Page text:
**From prh@pharmacy.wisc.edu Tue Jun 17 19:56:59 1997
**

I am beginning preliminary work to use NONMEM4 to estimate the population PK of two cytotoxics in a cooperative grooup Phase III trial. I would like to use just two samples from each patient, similar to what Dr. Bruno et al reported in their Phase I and II work with docetaxel. Can the group point me in a direction to learn:

1. How should the sampling times be defined and distributed based upon prior known PK parameters for the drug? Should random times be selected (on one extreme) or points suggested by an algortihm such as ADAPT's Sample?

2. How does one define the necessary sample size for a limited sampling study? The clinical study will retrospectively attempt to test the association between PK and response or survival duration. Response would be tested with logistic regression, along with other non-PK parameters if they contribute. I am unsure about the optimal process for the more continuous variable of survival or response duration.

I appreciate any guidance that the group can provide. Thanks

Paul Hutson, Pharm.D.

Associate Professor (CHS)

UW School of Pharmacy

(608) 263-2496

FAX 265-5421

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**From ETTEE@cder.fda.gov Wed Jun 18 14:29:43 1997
**

It would be useful to use your mean PK parameters from Phase I study(ies) with the appropriate model to obtain informative times (using the SAMPLE module in ADAPT II)and create sampling blocks (windows) around the informative times. Patients should then be randomly allocated to these times. The idea here is to be able to describe the population profile. This informative profile (block) randomized design protects against model misspecification.

The issue of obtaining 2 samples/subject depends on the number of

parameters you want to estimate. If, for instance, you are dealing with a one compartment model with intravenous input(s) you will be able to obtain reliable (accurate and precise) estimates for both fixed and random effects parameters with the above sampling design.

It would be best to carry out a simulation study to determine the

appropriate sample size for your study.

There are a few references which I think would be helpful:

(1) Jones CD, Sun H, Ette EI. Designing cross-sectional pharmacokinetic studies: implications for pediatric and animal studies. Clin Res Regul Affairs 1996; 13 (3&4): 133-165.

(2) Ette EI, Sun H, Ludden TM. Design of population pharmacokinetic studies. Proc Am Stat Assoc (Biopharmaceutics Section) 1994; pp 487 - 492.

(3) Ette EI, Sun H. Sample size and population pharmacokinetic parameter estimation. Clin Pharmacol Ther 1995; 57 (2): 188.

Ene.

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**From rene.BRUNO@rhone-poulenc.com Thu Jun 26 08:14:10 1997
**

Sampling times : I basically agree with the proposal of Ene to compute optimal times and then randomly allocate those times to patients. It is exactly what we did for docetaxel to assess population PK eraly during its development and it worked. This approach could well be done again for new studies. However, we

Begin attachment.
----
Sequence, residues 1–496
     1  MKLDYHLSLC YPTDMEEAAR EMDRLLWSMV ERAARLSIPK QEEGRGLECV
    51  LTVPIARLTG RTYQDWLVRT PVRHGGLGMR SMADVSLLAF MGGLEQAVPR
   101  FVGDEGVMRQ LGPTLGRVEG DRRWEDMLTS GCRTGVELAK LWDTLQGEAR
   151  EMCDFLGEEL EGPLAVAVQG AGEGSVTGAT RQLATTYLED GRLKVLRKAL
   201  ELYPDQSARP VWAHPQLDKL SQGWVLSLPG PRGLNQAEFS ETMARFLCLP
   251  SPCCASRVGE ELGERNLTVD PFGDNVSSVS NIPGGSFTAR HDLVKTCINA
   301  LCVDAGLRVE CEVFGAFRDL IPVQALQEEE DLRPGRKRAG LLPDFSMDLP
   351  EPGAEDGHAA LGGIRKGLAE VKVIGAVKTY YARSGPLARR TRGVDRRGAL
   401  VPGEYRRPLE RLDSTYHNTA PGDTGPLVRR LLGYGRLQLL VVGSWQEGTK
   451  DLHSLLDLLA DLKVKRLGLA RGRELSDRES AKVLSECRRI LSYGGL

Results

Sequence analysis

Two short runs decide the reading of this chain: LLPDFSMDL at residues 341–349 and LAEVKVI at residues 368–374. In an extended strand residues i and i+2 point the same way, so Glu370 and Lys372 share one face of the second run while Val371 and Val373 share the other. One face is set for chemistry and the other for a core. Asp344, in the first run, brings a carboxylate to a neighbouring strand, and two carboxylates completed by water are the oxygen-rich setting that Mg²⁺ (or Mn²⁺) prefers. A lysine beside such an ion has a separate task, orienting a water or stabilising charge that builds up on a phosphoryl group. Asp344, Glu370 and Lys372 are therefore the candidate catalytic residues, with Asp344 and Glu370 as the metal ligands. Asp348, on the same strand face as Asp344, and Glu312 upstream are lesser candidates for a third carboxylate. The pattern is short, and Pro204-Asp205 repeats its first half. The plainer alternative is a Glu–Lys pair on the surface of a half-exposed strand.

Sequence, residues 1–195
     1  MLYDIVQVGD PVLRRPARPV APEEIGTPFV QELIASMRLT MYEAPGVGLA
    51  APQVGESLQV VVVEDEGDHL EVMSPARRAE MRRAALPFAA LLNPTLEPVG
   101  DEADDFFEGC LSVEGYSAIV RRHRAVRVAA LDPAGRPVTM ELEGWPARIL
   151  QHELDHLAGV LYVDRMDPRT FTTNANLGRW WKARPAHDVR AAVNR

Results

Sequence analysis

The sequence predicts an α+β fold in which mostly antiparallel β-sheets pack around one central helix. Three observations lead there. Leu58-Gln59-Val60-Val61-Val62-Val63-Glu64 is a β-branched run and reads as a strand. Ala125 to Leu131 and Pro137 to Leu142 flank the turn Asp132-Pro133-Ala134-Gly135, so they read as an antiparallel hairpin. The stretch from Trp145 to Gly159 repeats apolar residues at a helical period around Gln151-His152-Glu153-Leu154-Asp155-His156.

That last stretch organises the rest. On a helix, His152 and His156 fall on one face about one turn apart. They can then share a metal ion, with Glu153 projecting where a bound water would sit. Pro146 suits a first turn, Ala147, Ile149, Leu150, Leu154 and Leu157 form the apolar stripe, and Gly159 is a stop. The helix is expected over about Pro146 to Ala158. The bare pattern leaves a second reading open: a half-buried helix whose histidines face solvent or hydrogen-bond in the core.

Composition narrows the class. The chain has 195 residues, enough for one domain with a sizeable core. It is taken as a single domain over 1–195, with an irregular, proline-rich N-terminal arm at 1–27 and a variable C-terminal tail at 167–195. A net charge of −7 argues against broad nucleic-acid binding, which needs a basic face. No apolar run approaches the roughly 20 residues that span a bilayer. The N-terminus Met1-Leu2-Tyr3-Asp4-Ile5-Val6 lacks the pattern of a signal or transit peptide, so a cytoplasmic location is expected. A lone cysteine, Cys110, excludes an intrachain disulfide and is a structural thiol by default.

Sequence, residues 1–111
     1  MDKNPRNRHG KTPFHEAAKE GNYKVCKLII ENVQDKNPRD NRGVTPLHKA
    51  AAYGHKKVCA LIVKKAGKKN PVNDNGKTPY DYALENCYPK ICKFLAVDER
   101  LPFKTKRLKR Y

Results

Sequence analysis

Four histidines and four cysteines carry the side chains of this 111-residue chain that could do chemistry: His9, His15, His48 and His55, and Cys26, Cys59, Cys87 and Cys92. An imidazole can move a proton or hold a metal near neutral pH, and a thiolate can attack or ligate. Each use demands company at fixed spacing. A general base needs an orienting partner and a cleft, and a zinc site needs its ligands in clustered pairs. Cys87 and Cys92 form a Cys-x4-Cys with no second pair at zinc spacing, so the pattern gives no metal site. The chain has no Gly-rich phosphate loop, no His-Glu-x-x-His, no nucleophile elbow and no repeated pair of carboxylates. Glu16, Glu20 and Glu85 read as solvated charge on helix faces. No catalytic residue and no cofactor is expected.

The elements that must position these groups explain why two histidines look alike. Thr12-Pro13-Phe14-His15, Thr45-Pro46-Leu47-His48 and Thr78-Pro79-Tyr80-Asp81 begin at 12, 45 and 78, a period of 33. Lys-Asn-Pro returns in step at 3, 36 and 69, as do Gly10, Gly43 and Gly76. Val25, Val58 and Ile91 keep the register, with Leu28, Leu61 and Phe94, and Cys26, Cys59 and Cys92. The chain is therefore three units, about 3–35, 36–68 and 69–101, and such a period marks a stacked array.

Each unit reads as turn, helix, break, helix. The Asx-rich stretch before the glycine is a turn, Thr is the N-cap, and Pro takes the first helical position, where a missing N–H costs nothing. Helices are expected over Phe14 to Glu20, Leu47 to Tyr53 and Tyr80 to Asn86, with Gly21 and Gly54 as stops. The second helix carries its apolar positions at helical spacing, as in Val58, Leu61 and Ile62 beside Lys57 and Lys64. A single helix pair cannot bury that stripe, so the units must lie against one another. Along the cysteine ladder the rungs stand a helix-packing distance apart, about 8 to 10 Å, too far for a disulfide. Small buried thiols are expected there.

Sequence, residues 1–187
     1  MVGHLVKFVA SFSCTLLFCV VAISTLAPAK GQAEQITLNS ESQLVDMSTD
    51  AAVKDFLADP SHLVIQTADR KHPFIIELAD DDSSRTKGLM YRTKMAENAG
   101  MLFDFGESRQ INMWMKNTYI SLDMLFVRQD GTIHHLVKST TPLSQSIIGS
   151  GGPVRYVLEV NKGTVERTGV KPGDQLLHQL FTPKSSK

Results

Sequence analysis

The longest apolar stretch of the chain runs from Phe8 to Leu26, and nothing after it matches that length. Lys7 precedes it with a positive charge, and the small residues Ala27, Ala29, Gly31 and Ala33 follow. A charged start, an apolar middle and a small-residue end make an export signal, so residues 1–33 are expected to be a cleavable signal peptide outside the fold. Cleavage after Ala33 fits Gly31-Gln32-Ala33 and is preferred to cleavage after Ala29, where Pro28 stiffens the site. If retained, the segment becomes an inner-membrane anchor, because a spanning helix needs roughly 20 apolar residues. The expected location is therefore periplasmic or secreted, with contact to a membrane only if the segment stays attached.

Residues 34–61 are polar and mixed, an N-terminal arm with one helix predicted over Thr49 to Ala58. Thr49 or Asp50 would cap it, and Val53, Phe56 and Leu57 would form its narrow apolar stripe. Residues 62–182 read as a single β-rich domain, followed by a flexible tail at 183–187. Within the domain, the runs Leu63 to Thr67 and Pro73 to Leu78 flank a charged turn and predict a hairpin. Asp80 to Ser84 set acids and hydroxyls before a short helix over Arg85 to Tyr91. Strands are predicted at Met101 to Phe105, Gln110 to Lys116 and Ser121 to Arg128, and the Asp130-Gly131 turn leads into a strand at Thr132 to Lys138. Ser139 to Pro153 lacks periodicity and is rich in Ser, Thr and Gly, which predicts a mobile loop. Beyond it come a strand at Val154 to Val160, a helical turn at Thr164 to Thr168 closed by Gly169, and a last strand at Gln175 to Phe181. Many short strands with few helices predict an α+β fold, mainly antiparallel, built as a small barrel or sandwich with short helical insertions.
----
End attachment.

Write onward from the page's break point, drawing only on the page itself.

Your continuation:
have now a "validated" population PK model drawn from 547 patients (see JPB 24(2), 153-172, 1996). We recently used this information to reassess optimal sampling times and demonstrated that it was possible to get unbiased and precise estimates of docetaxel CL from 2 points (5 min prior to the end of the 1 hour infusion and 5 hours after) (Clin. Cancer Res. in press). I believe that this sampling strategy could be used for further studies with minimal disturbance of the clinical trial. I can of course provide you with the priors to be used for Bayesian estimation using NONMEM.

Sample size : In our studies using data from 640 patients we were able to demonstrate that docetaxel exposure at first cycle was a predictor of first hematologic toxicity (incidence of Grade 4 neutropenia and febrile neutropenia, logistic regression models). Such a huge sampling size was probably not required for Grade 4 neutropenia which was quite frequent; however it was definitely required for febrile neutropenia which was, fortunately, much less frequent. In this model CL/AUC were better predictors than time over any threshold level. First cycle exposure was also a predictor (to a lesser extent however) of the time to onset of fluid retention (Cox model).

Regarding efficacy endpoints we did not found any predictive power of exposure for response rate and time to first response in breast and NSCLC. However, the sampling size was less (< than 200 patients) and I believe that a larger sample size would be required because systemic exposure is much less directly related

to tumor shrinkage.

The idea of Ene to perform a simulation study is a good one to assess sampling size for the PK study; however, I don't see how it would work to assess sample size for PK/PD and particularly efficacy since I believe it would require the use on at least a preliminary PK/PD model. But may be I am wrong I have no experience with simulation.

For the analysis of time to event variables, you need to use a model for survival analysis (e.g. COX model or any other parametric model such as exponential Weibull ...).

Rene Bruno

Rhone-Poulenc Rorer

Drug Metabolism and Pharmacokinetics

Pharmacometry unit